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Winter scent: in praise of Hamamelis

  • Winter scent: in praise of Hamamelis
  • Winter scent: in praise of Hamamelis

Gents, is your garden lacking in scent at this time of year? Ladies, are you ashamed to invite a friend round for tea on the lawn this month? (laughs)

People without gardens often assume that the whole thing is completely dead through the winter, but there are flowers flowering and scent-aplenty, if you pick the correct plants and put them in the right place.

For example, here's a Hamamelis, or Witch Hazel, flowering dramatically right now - yesterday, in fact - and it's been sited on a fairly protected, sloping lawn, close to the front door and the path leading to it, so the scent from the flowers doesn't get blown away, and can be appreciated every time the owners use the front door.

Not all Witch Hazel flower in winter, so if you want flowers (and scent!) at this time, you have to select the correct one. The “wrong” one is H. virginiana, which does its thing in autumn. For a small to medium-sized shrub, choose Hamamelis x intermedia, which is a cross between H. japonica (mildly fragrant yellow flowers, 10-15' tall) and H. mollis (very strongly scented yellow flowers, but grows into a small tree, about 26' tall).

H. x intermedia combines the strong scent of one parent with the smaller stature of the other, and has been bred to produce several very successful garden cultivars, notably 'Diane' with red, slightly scented flowers; 'Jelena' with coppery-orange flowers (only mildly scented, if at all); and the most commonly-planted, 'Pallida' whose yellow flowers are strongly scented.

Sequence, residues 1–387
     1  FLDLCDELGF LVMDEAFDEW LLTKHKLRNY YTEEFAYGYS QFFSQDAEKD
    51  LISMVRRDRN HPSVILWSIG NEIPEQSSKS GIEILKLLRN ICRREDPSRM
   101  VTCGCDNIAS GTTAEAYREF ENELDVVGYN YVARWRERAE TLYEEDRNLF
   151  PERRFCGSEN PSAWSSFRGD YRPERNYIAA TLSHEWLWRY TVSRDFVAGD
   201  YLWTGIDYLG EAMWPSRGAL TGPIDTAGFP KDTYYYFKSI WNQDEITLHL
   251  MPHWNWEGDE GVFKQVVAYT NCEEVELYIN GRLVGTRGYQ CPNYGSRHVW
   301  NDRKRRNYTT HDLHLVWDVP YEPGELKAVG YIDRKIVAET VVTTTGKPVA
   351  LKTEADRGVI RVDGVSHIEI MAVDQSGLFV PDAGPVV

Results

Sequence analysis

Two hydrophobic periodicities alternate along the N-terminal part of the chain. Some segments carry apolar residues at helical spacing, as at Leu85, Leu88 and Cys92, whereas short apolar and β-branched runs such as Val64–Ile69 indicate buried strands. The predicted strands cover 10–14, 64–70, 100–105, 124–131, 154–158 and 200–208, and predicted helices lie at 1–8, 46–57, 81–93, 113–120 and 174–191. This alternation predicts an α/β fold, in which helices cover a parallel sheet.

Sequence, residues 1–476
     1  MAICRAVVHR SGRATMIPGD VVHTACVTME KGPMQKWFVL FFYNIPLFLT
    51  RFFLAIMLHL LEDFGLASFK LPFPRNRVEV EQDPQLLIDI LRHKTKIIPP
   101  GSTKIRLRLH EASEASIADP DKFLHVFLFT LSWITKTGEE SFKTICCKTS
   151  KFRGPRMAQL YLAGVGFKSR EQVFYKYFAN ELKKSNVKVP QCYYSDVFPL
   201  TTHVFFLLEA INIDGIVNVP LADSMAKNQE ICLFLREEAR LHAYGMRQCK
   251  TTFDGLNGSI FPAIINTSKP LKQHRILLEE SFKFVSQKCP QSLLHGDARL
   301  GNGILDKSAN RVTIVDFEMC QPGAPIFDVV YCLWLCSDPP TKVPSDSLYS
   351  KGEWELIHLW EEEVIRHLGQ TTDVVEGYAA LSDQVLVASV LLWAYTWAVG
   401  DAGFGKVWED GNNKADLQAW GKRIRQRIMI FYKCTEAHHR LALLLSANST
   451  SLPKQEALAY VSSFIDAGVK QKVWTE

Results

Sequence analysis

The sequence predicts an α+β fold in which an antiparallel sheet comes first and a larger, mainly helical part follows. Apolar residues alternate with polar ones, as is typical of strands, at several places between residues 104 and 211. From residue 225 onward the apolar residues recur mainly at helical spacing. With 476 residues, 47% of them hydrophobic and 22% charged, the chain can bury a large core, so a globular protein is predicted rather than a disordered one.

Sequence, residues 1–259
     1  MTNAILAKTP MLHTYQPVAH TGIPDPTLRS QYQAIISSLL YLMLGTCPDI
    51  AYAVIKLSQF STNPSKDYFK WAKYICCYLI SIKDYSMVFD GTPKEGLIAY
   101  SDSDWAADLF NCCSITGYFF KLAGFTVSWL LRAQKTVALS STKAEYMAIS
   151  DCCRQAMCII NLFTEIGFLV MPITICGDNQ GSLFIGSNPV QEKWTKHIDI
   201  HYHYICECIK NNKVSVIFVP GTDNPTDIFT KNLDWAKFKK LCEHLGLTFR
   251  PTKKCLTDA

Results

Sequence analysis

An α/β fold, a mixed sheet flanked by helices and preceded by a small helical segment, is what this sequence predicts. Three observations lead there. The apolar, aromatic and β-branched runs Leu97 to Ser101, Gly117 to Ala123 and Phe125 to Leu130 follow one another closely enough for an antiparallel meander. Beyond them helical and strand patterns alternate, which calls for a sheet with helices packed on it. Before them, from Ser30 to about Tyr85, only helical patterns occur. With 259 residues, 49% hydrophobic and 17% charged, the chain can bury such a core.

Generally speaking, Hamamelis are slow-growing, and unfussy: they prefer full sun, but will tolerate semi-shade. They don't need much in the way of pruning, and they will reward you with leggy, spidery flowers in the depth of winter: ideal for planting adjacent to a path, or near the parking space - somewhere that you will be walking past, most days. The occasional branch can be cut and taken indoors, where it will fill the room with scent.

Of course, Hamamelis are not the only winter-flowering scented shrub; Viburnum bodnantense is flowering now, as are Sarcococca, Daphne, and Mahonia, to name just a few, so there is no excuse for having an unscented garden all winter!

Comments (4)

  1. Grower

    Angie's Garden

    Jelena now finished here in my garden Rachel. It started flowering back in autumn, it usually does but the flowers tend to last well into March. Not this year though and I expect the issue is the fact that I sited a peanut feeder too near and the birds perch and possibly damage the flower buds. She could do with a move to a more prominent position. Never have detected any scent in the 4 years I've had it. Now where can I move it too? Pass me the shoe horn please!

    • Winter scent: in praise of Hamamelis
  2. Grower

    Rachel the Gardener

    Hi Angie (waves), wow, lovely colour! I suppose that depth of colour AND scent are too much to ask for?

    Your point about the peanut feeder is an interesting one, we had a post on here recently about birds damaging flower buds by pecking on them - not quite the same as damaging the buds by landing on them!

    (passes the shoehorn)

  3. Grower

    Jim Edwards

    Do not move yet, bury any low growing branches, peg down to create new roots, lift in fall through winter when new roots have developed, disect and pot up the developed roots to create new plants. Lovely Jubbly xx

  4. Grower

    Angie's Garden

    Yes, I remember the post re the mahonia Rachel, the scent might be better in more milder areas. There's that north south divide again :)
    Good idea Jim except my specimen has a clear stem from the base up to around 2ft. I bought it that way as I like the 'tree effect' it gives.

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